BRADENTON, Fla. — Kentucky Gov. Steve Beshear announced late last week the sale of $100 million of grant anticipation revenue vehicle bonds for the Ohio River Bridge Project.

Beshear called the financing critical for creating "tangible, immediate progress" on the massive $4.1 billion bridge project between Louisville and Indiana.

Most of the Garvee bond proceeds will be used to acquire and clear right-of-way approaches for one of two proposed Ohio River bridges and to acquire right of way for reconstruction of a major downtown Louisville interchange known as "spaghetti junction" where Interstates 64, 65, and 71 converge.

"The sale of bonds means this project is moving forward — no more lulls, no more hesitations," Beshear said in a release. "The days of the stop-and-start planning of the Ohio River Bridges project are coming to an end."

The General Assembly authorized the governor to sell up to $231 million worth of Garvees for the project.

The first tranche of Garvees specifically for the Ohio River project is expected to be sold by the Kentucky Asset Liability Commission in mid- to late February by negotiation with Citi as senior managing underwriter, according to Tom Howard, executive director of the Office of Financial Management in Kentucky's Finance and Administration Cabinet.

Howard, whose office is serving as financial adviser, said that the upcoming sale is not expected to be insured and a structure has not been determined. He also said that the syndicate is expected to be composed of Edward D. Jones & Co., First Kentucky Securities Corp., J.J.B. Hilliard, W.L. Lyons LLC, Morgan Keegan & Co., PNC Capital Markets LLC, Ross, Sinclaire & Associates LLC, and Stifel Nicolaus & Co.

Kutak Rock LLP is bond counsel.

Kentucky has $344.8 million of outstanding Garvees, according to the state. Those bonds are rated AA-minus by Fitch Ratings and Standard & Poor's, and Aa3 by Moody's Investors Service.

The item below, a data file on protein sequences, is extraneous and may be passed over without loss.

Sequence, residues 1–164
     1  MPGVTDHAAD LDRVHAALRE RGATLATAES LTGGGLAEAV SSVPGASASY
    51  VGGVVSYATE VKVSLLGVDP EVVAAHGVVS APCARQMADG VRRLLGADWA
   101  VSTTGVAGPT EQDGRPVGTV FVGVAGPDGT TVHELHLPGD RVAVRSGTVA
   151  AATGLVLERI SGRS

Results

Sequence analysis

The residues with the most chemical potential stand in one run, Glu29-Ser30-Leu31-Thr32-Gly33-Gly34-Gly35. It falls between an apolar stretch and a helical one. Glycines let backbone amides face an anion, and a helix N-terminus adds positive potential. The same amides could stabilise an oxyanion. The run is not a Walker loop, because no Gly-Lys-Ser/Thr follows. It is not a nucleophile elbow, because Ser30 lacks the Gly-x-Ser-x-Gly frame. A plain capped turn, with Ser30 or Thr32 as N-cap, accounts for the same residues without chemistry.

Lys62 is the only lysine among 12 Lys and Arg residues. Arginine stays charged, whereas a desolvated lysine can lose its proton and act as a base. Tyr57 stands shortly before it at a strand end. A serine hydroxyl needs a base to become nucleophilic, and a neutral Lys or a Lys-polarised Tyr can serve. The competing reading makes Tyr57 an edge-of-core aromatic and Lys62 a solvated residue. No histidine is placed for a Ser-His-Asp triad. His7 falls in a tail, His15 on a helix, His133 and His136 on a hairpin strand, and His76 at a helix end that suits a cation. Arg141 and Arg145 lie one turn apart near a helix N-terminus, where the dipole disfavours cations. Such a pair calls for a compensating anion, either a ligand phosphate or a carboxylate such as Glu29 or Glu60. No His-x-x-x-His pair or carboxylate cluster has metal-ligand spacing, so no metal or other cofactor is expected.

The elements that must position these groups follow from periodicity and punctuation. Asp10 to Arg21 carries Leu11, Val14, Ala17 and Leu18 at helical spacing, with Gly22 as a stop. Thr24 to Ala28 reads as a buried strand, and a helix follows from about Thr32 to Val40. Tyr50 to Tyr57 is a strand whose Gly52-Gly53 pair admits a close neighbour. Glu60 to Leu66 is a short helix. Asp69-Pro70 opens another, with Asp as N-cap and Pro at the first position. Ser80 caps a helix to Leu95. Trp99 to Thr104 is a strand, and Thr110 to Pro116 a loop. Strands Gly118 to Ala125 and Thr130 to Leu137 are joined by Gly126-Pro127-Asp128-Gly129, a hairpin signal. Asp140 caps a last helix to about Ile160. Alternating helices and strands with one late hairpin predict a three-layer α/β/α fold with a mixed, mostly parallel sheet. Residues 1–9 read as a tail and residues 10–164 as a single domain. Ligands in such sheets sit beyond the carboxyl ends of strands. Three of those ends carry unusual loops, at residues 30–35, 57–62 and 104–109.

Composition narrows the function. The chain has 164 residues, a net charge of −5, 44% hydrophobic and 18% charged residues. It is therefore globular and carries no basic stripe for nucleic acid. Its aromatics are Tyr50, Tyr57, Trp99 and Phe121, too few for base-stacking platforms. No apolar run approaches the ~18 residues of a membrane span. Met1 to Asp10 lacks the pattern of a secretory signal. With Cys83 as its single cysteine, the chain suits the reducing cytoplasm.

It has been 50 years since a bridge was built in the major north-south freight corridor between northern Kentucky and southern Indiana, which is severely congested by growth in Louisville.

The federally designated "mega-project" has been a joint effort of the two states for many years but it has stalled because of the lack of funding. In 2003, the Federal Highway Administration released a "record of decision" approving sites for the project as well as an environmental impact statement.

In the years since the FHWA decision, the project has received federal grants and state funding. And a bi-state management team has overseen work completed by the general engineering consultant, Community Transportation Solutions, and six design teams. The states have a Web site about the project at

But while studies, public hearings, and early design work have taken place on the massive project, it also stalled as Kentucky pondered how to finance its $2.92 billion share of the construction cost.

Indiana, whose share is $1.15 billion, has offset a portion of its cost already by setting aside $600 million from the leasing of the northern Indiana toll road. Indiana's legislature also has agreed to create an Ohio River Bridges Commission to work with Kentucky on the financing plan.

Beshear proposed a bill allowing Kentucky to participate in a bi-state financing authority with the power to issue bonds backed by tolls and federal grant anticipation revenue. The bill passed in June and it authorized Beshear and Louisville Mayor Jerry Abramson to make appointments to the authority. The two announced Kentucky's seven members on Oct. 30.

Indiana Gov. Mitch Daniels on Dec. 3 signed an executive order appointing the state's seven members to the bi-state authority, which hasn't determined its official name.

The bi-state authority is expected to hold its first meeting in January.

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